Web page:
Wearing the retro uniforms of the “Win Ugly” Chicago White Sox of 1983, the 2014 White Sox “lost ugly” to the Cleveland Indians by a 12-6 score, Saturday.
OK, to get six runs, the team batted fairly well, but the “Good Guys” were the “Bad Guys” when it came to their pitching in the third game of the series, allowing a total of 12 runs, all being earned.
Think about it 12 … earned … runs. Let that sink in a bit.
Watching this team thus far this season every time they’ve taken a step forward, they taken a step back, leaving them at an even 6-6 overall.
And the thing of it is … I’m having a lot of fun watching this team, just not Saturday’s game.
Felipe Paulino was off with his pitching in this start, allowing six earned runs on six hits and three walks in five innings pitched.
This was the second consecutive day the White Sox only got five innings out of their starting pitching, equaling a 1-1 record, with nine earned runs from Paulino and Chris Sale in those two games.
Though Paulino increased his season ERA to 7.98, he didn’t suffer the loss. That went to Ronald Belisario, who is now 1-1 on the year as a reliever. He pitched 1.1 innings and gave up two hits and a walk, allowing two earned runs.
So between 6.1 innings with Paulino and Belisario, the White Sox gave up eight earned runs.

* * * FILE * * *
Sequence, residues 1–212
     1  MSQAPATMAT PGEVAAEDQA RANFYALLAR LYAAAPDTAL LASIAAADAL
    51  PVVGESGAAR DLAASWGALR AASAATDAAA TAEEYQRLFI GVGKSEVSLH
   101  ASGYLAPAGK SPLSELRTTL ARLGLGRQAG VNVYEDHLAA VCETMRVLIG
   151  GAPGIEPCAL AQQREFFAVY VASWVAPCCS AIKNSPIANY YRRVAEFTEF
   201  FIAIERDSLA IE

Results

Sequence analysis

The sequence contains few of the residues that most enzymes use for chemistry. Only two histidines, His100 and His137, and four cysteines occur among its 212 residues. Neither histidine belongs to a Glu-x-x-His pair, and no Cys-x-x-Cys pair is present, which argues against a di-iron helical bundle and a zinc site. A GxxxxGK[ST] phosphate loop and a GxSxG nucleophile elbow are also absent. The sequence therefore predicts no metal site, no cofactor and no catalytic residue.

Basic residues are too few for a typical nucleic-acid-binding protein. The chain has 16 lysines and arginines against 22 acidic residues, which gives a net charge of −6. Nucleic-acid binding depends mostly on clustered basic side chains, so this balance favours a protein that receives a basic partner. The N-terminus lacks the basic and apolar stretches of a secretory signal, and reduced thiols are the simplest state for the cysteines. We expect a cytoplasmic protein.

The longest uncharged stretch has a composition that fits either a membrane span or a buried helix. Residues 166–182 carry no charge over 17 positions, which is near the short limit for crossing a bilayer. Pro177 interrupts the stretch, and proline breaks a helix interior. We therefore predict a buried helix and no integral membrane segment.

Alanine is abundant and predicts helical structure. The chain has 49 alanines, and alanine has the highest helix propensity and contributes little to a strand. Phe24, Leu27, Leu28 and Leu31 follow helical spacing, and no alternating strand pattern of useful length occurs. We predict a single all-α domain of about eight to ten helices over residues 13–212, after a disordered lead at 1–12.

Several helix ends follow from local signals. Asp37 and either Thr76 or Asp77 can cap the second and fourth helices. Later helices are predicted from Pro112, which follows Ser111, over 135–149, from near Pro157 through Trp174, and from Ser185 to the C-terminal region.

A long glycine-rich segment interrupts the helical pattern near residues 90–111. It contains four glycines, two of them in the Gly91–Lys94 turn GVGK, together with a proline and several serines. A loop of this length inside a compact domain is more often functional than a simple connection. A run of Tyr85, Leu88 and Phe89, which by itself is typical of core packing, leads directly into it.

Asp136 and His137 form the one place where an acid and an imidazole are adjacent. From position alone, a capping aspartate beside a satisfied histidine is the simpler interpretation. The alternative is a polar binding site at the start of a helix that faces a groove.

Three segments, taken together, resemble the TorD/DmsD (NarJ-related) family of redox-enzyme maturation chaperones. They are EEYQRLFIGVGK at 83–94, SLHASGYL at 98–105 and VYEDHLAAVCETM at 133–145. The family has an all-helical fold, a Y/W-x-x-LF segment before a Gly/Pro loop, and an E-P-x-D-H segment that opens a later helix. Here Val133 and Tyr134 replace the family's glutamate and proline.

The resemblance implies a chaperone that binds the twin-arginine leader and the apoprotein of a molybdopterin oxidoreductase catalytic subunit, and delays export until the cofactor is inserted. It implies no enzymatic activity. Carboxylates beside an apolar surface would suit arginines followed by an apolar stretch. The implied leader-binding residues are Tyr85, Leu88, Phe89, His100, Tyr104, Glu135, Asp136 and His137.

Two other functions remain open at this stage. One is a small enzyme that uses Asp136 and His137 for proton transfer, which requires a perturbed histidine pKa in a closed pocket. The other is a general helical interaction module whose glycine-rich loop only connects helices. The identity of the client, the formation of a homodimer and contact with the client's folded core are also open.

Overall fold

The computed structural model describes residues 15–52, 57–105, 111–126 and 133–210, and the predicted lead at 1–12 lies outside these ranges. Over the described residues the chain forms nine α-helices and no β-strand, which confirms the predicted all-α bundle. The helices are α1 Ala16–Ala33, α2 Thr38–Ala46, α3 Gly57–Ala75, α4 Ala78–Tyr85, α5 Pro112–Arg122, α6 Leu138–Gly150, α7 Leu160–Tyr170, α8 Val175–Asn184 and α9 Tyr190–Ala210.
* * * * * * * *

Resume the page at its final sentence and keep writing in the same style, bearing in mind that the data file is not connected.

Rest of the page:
Belisario this season has an ERA of 15.19.
Donnie Veal was the “cherry on top” in this pitching sundae that completely melted. Veal went 1.2 innings, allowing four earned runs in three hits and three walks.
C’mon … I know it is just game 11, but when your offense scores you six runs and the pitching — starting or relief — continues to allow earned run after earned run, how long can you left this go on?
Does this team have any options that can replace pitchers with ERA’s higher than 15.00?
Yes, I know I’m overreacting (no need to go to the minors this early … I know that), but like I said earlier … EVERY time this team takes a step forward, they take that same step back.
This is the tale of a young team in the MLB. I guess we all have to be patient.
The positive on Saturday was the offense of Chicago, scoring four runs in the first, one in the second and one last run in the fifth, which at the time tied the score at 6-6. The White Sox had eight total hits.
The Indians answered with two runs in the seventh and a four-run ninth inning.
With all that said, let’s forget about this game and move onto Sunday’s game, where the White Sox will send Jose Quintana (1-0, 2.77 ERA) to the mound to face Corey Kubler (1-1, 7.71 ERA). A win by the White Sox will give them the series win.
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